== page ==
This post deals with miscarriage and might be triggering for some readers.
The ultrasound technician wiped off the wand, handed me a box of wet wipes, and apologised once more before leaving my husband and me alone in the darkened room. I cleaned up as best I could, pulled on my underwear and pants over the sticky goop that never quite wipes clean, and went to the chair where my husband was seated. I draped my arms around his shoulders, resting my forehead on the crown of his head.
My tears fell into his hair. “I can’t do this again,” I said, and that was that.
Watch: Tina Arena speaks to Mia Freedman about her miscarriage on No Filter. Post continues below.
We’d resisted making a firm decision about having more children.
Nine months earlier, our daughters were four and six years old and we still hadn’t decided whether or not we would have more children. My husband wanted one more. I was ambivalent, but as the years passed and the newborn days faded into memory, I became certain I didn’t want to repeat them. I loved my job and I was finally regaining some of my autonomy after so much time serving the children day in and day out.
Some Friday nights, glass of wine in hand as we watched a rare television show together, one of us would ask, “Are we gonna have any more kids?”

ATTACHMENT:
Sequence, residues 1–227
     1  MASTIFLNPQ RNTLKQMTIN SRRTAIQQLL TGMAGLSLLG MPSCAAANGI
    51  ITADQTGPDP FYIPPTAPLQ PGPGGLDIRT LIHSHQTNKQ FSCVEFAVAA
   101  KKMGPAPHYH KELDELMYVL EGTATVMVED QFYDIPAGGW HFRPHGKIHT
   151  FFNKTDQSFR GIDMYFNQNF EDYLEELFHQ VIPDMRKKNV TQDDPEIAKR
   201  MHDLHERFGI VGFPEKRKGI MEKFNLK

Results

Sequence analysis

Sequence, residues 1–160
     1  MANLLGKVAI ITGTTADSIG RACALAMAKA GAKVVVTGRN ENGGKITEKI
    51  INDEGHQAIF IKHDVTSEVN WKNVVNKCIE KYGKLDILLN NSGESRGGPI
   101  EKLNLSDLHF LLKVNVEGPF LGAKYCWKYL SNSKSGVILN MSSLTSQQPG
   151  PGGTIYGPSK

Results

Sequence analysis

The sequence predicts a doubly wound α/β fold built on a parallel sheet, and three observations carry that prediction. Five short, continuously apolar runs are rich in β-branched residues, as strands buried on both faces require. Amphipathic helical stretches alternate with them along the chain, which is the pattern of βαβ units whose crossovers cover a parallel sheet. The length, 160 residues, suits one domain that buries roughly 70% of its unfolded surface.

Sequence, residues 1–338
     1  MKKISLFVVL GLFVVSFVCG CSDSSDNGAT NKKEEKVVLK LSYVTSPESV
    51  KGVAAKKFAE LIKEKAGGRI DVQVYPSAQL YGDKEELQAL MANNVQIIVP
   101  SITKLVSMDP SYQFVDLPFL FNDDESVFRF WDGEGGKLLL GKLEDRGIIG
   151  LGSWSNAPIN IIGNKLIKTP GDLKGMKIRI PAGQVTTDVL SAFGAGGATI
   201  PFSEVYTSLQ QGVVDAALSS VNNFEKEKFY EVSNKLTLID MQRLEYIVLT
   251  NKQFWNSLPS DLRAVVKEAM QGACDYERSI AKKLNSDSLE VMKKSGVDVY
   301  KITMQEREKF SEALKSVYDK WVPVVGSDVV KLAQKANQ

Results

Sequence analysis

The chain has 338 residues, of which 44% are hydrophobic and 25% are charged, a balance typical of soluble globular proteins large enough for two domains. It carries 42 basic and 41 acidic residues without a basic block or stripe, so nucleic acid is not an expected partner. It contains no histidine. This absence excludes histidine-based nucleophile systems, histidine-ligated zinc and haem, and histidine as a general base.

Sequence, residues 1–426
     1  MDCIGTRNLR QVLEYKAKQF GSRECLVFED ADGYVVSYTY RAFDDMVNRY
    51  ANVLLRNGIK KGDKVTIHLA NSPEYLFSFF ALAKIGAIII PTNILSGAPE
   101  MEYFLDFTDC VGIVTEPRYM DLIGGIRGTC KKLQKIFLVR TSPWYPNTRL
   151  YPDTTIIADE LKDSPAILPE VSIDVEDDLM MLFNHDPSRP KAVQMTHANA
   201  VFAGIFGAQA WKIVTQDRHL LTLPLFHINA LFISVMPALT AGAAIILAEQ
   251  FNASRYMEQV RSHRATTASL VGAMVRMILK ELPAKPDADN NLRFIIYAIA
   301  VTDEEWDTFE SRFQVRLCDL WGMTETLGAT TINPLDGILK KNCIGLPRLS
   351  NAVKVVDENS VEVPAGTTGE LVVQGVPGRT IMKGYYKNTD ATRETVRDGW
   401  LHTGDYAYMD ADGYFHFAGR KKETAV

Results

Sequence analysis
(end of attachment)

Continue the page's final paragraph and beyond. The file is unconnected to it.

“I don’t know…” the other would begin, and we would take turns ticking off our well-rehearsed pro and con list. The cons were very concrete; the pros more abstract. It was apples and oranges and in the end, we’d move on without a resolution.
Eventually, I started saying, “I don’t think so.” It was getting late, and hitting the reset button seemed ever more difficult the older our girls got.
And then I got pregnant.
My husband beamed when I told him; I cried. I’d thought that door was closed, and it was a jolt to my system for it to swing open so abruptly.
I had some time to settle into the idea of having another baby, though. We started making plans to remodel the house; we even started talking about names. When I miscarried, it felt natural to try again.
After the second miscarriage, though, I was physically and emotionally spent. That day in the ultrasound suite, I became firm in my conviction that the childbearing years of my life were over.
Not having any more children was the logical choice.
Two days after the procedure to remove tissue from my second miscarriage, I was in the emergency room with an infection. I doubt I was ever very close to death, but with a 104-degree temperature that didn’t respond to medication and a pain in my uterus that felt like I was being ripped in half, I certainly saw death as a possibility.